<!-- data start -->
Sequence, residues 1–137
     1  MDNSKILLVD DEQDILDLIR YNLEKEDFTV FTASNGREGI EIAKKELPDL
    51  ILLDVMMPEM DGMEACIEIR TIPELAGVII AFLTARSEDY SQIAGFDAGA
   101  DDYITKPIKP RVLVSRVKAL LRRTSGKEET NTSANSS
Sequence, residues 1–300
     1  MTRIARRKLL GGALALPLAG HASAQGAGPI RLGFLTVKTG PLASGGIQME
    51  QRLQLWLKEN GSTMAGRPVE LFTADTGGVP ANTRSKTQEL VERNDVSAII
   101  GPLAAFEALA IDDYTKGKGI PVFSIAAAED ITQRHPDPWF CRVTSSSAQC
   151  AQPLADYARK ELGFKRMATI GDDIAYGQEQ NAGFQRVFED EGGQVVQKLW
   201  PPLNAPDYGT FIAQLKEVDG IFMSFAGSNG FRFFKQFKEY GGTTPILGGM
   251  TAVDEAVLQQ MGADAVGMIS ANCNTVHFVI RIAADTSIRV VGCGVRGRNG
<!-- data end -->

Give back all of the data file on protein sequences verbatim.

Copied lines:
Sequence, residues 1–137
     1  MDNSKILLVD DEQDILDLIR YNLEKEDFTV FTASNGREGI EIAKKELPDL
    51  ILLDVMMPEM DGMEACIEIR TIPELAGVII AFLTARSEDY SQIAGFDAGA
   101  DDYITKPIKP RVLVSRVKAL LRRTSGKEET NTSANSS
Sequence, residues 1–300
     1  MTRIARRKLL GGALALPLAG HASAQGAGPI RLGFLTVKTG PLASGGIQME
    51  QRLQLWLKEN GSTMAGRPVE LFTADTGGVP ANTRSKTQEL VERNDVSAII
   101  GPLAAFEALA IDDYTKGKGI PVFSIAAAED ITQRHPDPWF CRVTSSSAQC
   151  AQPLADYARK ELGFKRMATI GDDIAYGQEQ NAGFQRVFED EGGQVVQKLW
   201  PPLNAPDYGT FIAQLKEVDG IFMSFAGSNG FRFFKQFKEY GGTTPILGGM
   251  TAVDEAVLQQ MGADAVGMIS ANCNTVHFVI RIAADTSIRV VGCGVRGRNG